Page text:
As the nightlife and real estate worlds continue to go gaga over the so-called “Griffintown Renaissance,” plucky Montréal filmmaker Nadine Gomez shows us the eerily retro world of a stable owner and the carriage drivers living and working in the vestiges of a bygone era. Gomez talked to NIGHTLIFE.CA about her documentary The Horse Palace, a sensitive meditation on colourful characters, urban history, and Old Port road apples.

The Horse Palace: a documentary tribute to all Griffintown entertainers standing in the way of big condo developers

They Built this City
From the moment Nadine Gomez visited the Horse Palace stables in Griffintown, she knew that there were layers of stories that she needed to tell: both for the men and women who drive the carriages in the Old Port, and the Belgian steeds they look after. “They built this city!” she exclaims, recalling that most of the buildings that make up Montréal’s architectural heritage were built using equine labour. Over three years shooting at the stables, “the textures started to show through, the empty spaces, the silence. The whole area was very outside of the city, very much ‘on hold’ – it spoke to me,” she says, still transfixed by the cracked sidewalks and empty lots that make Griffintown so tasty to condo developers.

Gomez began to see the horsey habitat of this new “It District” as a manifestation of all the urban planning and social history she had been reading about with a critical, post-journalism-school eye. “Not a lot of people were aware that public spaces are political spaces! Really, in Québec, we don’t have many public spaces where people can gather because it’s a type of architecture that English [colonial] people took away so that French people couldn’t gather,” she contends. As Montréal’s urban development becomes defined by consumer spaces like the Quartier des Spectacles and resolutely individualistic condo developments, Gomez, like many urban planners, argues that the quintessential spaces that have sustained and defined The City begin to fade away. Or worse, they could be deliberately erased.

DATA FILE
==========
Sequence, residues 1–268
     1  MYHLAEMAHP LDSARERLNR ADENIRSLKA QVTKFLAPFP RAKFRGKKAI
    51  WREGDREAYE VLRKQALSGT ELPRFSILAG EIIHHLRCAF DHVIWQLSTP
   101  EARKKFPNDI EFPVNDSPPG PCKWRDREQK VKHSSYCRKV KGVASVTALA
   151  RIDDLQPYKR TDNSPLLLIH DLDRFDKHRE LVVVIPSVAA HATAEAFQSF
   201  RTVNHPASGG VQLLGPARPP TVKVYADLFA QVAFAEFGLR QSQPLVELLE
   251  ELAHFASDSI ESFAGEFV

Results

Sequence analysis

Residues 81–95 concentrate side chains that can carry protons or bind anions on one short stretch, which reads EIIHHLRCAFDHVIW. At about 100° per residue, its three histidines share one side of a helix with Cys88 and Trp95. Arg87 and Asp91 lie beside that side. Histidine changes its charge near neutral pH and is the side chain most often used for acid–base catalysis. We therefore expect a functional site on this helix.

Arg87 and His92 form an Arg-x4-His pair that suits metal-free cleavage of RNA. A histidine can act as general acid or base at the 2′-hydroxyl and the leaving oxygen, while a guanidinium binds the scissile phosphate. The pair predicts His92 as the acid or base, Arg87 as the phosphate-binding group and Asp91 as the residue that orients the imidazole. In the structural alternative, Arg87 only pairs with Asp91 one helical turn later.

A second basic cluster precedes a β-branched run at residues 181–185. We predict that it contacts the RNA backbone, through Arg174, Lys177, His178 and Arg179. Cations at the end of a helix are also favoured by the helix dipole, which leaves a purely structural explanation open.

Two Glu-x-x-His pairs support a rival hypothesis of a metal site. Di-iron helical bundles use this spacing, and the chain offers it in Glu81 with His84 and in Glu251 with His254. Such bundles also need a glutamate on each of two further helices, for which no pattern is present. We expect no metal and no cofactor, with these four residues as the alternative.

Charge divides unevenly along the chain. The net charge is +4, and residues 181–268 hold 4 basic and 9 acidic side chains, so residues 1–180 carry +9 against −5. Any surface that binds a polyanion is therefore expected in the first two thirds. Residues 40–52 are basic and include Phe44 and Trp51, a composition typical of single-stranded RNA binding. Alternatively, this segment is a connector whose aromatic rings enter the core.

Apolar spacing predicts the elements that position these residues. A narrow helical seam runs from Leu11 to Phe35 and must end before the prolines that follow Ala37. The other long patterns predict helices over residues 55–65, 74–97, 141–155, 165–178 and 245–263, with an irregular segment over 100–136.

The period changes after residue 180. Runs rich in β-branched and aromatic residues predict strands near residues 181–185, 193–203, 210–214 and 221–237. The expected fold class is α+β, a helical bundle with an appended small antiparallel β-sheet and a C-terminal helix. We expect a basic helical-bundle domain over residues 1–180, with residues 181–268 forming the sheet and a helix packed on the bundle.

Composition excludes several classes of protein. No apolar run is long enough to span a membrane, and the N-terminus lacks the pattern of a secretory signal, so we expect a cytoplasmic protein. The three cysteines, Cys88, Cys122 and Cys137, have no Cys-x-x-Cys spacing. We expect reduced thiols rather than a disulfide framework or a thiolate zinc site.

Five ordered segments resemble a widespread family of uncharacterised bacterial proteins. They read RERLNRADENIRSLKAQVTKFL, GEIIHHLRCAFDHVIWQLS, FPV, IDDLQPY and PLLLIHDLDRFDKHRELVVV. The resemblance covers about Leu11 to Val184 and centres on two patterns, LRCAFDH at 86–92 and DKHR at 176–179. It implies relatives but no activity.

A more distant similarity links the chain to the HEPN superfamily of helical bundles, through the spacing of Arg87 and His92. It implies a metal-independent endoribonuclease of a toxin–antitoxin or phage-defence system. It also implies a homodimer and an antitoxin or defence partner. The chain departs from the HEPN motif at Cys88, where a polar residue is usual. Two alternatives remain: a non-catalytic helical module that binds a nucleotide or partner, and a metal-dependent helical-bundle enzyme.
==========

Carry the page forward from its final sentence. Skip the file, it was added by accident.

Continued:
Much More Than “Ruin Porn”
Social critique aside, the first-time documentarian insists that her film is not all about gentrification and its impact on these beautiful horses. Watching the film in preview, I can say that anyone looking for mere “ruin porn” will learn so much more from this film. Overcoming her allergy to the beasts of burden, Gomez made The Horse Palace as an homage to the entertainers and tour guides who stand in the way of the big, mean developers and fast-paced world of people too busy for carriage rides. “They’re storytellers rather than entertainers,” she explains. Like when you buy a piece of art from a street vendor, “what you’re buying is not their art, but the story behind it.” Watch out for Nadine Gomez: this may be her first time at the documentary rodeo, but The Horse Palace is a sure bet.

The Horse Palace
Now playing at Excentris | 3536 St-Laurent (Director Q&As on March 26 & 27)
Special screening at the PHI Centre on Saturday, March 23 at 7pm | 407 Saint-Pierre

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